Ever since my two boys were tiny, about two weeks before Christmas we get out all the Christmas books and read them together before bedtime. They’re mostly picture books and it’s a lovely opportunity to revisit books the boys enjoyed when they were much younger. We usually get a new book every year so there’s always something new to enjoy along with the old favourites. These books have become an important part of our Christmas.
The Jolly Christmas Postman by Janet and Allan Ahlberg
This is a real Christmas classic and rightly so. The Jolly Postman rides out on his bicycle on Christmas Eve to deliver the post to familiar characters from fairy tales and nursery rhymes. On his rounds he visits Red Riding Hood who receives a present from the Wolf, Humpty Dumpty in hospital, the Wolf and the Three Little Pigs’s Christmas party and even Father Christmas himself. It’s wonderfully interactive – on each page there’s an envelope to open with a letter and sometimes a present.
The Night Before Christmas by Clement C. Moore (illustrated by Eric Puybaret)
I love this edition of Moore’s famous poem – quite the best way to learn the names of all Santa’s reindeer. The illustrations in this book are absolutely stunning: reindeers wearing cloaks and bowler hats and a very red-nosed Father Christmas. The book includes a CD by Peter, Paul and Mary, famous for ‘Puff the Magic Dragon’, the book of which Puybaret has also illustrated.
The Christmas Bear by Henrietta Stickland (illustrated by Paul Stickland)
This is one of my favourite Christmas stories. A little polar bear in the North Pole falls down a hole and finds himself in Father Christmas’s workshop. Father Christmas needs his help and takes him on a tour of all the last minute Christmas preparations. The wonderful, detailed illustrations mean you can spend ages looking at all the tiny details in the workshop and there’s a Naughty Penguin to spot on every page.
Usborne Sparkly Touchy-Feely Father Christmas by Fiona Watt (illustrated by Rebecca Finn)
This was one of the first Christmas books the boys ever had and it’s so special to be able to get it out every year and share it with them again as we follow Father Christmas as he sets off on his sleigh on Christmas Eve.
The bright, colourful illustrations appeal to the very young but my two still can’t resist feeling all the different textures on each page: the fur on Father Christmas’s hat and gloves, the fabric stockings and the foil on the presents.
Richard Scarry’s The Night Before The Night Before Christmas
Seeing Richard Scarry’s illustrations of his wonderful animal characters transports me right back to my own childhood. In this delightful book, Mr Frumble the pig likes to help people but he’s very clumsy so he usually ends up being more of a nuisance than a help. Feeling unappreciated in Busytown, he heads off to the North Pole in his specially reconditioned pickle car to become Santa’s Helper. It’s funny, it’s silly and it’s a real favourite in our house.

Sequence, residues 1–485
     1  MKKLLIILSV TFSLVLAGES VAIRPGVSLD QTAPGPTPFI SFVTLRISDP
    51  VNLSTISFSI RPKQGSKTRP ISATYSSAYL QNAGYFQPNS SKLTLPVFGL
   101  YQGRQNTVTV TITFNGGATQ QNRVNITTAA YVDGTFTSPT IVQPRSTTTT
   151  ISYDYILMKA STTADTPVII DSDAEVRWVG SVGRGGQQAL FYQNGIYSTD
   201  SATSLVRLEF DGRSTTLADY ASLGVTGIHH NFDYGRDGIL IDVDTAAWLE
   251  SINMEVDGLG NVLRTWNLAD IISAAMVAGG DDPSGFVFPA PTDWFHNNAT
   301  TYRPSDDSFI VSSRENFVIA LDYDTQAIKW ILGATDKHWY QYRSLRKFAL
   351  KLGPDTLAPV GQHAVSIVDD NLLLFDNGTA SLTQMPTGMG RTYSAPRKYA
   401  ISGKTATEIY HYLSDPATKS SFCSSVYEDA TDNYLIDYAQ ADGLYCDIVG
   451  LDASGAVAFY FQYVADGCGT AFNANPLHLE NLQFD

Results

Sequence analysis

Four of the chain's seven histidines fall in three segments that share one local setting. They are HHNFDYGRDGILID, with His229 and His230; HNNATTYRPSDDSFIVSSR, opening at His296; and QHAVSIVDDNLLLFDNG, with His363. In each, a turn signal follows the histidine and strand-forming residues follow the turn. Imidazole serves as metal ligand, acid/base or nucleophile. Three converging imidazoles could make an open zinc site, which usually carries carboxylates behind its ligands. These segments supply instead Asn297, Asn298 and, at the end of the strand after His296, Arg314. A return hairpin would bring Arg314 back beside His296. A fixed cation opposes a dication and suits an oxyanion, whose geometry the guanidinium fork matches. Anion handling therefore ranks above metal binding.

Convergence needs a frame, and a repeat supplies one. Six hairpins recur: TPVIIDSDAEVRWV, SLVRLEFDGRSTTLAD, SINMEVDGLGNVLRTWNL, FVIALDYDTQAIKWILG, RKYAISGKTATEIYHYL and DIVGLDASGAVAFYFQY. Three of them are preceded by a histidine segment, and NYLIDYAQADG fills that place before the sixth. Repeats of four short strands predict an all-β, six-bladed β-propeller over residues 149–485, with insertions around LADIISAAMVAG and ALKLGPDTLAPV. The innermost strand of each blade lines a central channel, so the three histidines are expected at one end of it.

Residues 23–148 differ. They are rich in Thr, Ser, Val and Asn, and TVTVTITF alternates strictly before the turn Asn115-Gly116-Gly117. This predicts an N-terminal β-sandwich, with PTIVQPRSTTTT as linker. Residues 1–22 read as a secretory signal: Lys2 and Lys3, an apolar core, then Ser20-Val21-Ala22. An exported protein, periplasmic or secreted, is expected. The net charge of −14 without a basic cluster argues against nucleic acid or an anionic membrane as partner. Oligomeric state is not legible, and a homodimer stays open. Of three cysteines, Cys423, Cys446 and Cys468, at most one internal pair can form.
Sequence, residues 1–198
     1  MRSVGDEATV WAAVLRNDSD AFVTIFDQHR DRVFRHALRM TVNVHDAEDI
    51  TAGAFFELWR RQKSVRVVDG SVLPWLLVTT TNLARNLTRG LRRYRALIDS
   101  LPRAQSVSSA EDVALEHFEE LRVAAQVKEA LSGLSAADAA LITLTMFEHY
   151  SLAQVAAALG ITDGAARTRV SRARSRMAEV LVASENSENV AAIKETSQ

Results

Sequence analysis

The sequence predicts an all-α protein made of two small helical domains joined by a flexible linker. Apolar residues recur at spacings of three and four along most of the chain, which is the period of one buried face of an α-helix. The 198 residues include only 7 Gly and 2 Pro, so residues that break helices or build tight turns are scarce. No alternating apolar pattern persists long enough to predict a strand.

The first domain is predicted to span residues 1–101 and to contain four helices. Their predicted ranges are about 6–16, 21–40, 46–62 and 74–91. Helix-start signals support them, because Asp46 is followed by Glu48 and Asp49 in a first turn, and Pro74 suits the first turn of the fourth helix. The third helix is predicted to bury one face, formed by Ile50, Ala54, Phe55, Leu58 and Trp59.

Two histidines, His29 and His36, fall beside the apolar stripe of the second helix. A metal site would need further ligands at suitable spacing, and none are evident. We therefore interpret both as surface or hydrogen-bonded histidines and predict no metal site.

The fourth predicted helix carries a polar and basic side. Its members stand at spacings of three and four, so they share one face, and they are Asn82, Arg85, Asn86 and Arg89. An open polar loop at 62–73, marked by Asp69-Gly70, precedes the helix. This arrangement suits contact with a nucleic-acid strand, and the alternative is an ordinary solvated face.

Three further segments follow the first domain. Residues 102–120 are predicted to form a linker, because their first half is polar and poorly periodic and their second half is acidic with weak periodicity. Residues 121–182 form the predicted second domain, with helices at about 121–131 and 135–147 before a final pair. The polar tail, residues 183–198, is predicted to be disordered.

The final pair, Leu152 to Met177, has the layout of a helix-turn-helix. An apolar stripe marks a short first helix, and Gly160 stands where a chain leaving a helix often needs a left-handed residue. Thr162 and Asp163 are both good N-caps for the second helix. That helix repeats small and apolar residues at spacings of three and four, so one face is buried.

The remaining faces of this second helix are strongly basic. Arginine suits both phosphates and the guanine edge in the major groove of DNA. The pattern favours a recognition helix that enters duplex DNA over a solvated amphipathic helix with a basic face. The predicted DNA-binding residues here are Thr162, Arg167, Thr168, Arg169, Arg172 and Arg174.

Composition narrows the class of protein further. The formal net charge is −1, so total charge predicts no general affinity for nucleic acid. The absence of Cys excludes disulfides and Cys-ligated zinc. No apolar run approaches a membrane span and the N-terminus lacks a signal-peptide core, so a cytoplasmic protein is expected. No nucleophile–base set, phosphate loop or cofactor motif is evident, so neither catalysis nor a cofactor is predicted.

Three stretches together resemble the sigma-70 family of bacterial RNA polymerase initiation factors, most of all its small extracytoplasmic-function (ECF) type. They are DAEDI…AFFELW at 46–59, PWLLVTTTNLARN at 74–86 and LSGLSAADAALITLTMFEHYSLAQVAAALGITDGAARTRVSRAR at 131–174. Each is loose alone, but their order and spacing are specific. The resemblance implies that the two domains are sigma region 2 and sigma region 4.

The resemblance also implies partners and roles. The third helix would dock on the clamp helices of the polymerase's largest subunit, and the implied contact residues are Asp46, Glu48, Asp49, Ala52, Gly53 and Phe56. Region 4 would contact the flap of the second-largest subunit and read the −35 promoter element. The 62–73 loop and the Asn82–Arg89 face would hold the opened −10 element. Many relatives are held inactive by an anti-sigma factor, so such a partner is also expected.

A Christmas Story by Brian Wildsmith
This story of the Nativity is full of charm and beautiful illustrations. It follows the story of a girl called Rebecca who has been asked to look after Mary and Joseph’s little donkey while they go on a journey with the donkey’s mother. But the little donkey pines for its mother so Rebecca sets off with it to find Mary and Joseph. Beautifully told and gorgeous to look at, with lots of gold in the illustrations.
My Magical Book of Christmas Tales (illustrated by Susanna Lockheart)
The Nutcracker and The Night Before Christmas are such quintessential Christmas stories and this is a really special edition with beautiful illustrations and pull out pictures on each page. We particularly love reading The Nutcracker in this book as the pictures really capture a Victorian Christmas scene, an exciting battle between the mice and the soldiers and the magical Kingdom of Sweets with gingerbread men, a fairy orchestra and a sleigh of spun sugar.
Letters From Father Christmas by J.R.R.Tolkien
This was the book we added to our collection last year and it’s absolutely brilliant. A collection of the letters Father Christmas wrote every year to Tolkien’s children in which he describes his life at the North Pole in beautiful, spidery handwriting and gorgeous drawings. There’s so much detail here. He talks about the wars with the troublesome goblins who live in the caves beneath the house and tells us all about the elves and the mishaps of the naughty but lovable Polar Bear who sometimes adds his own cheeky comments to the letters.
It’s utterly delightful and already a firm favourite in our family. It certainly shamed Father Christmas into writing a much more detailed and interesting letter to our two rather than the usual short note thanking them for the mince pies.
On our wish list this year is Refuge by Anne Booth and Sam Usher, a picture book that tells a version of the nativity story by highlighting the current refugee crisis (£5 from the sale of each book will go to the charity War Child). The story is told through the eyes of a donkey carrying a man and a woman to Bethlehem. At the end of the book, the refugees share a good dinner with their hosts.
We also want to read A Boy Called Christmas by Matt Haig, about a boy called Nikolas who was born on Christmas Day in Finland. The boy’s mother was eaten by a bear and he’s only ever had a couple of Christmas presents. Nikolas sets off with a hunter to find Elfhelm, home of the elves.
COMING UP NEXT: A Visit to Hampton Court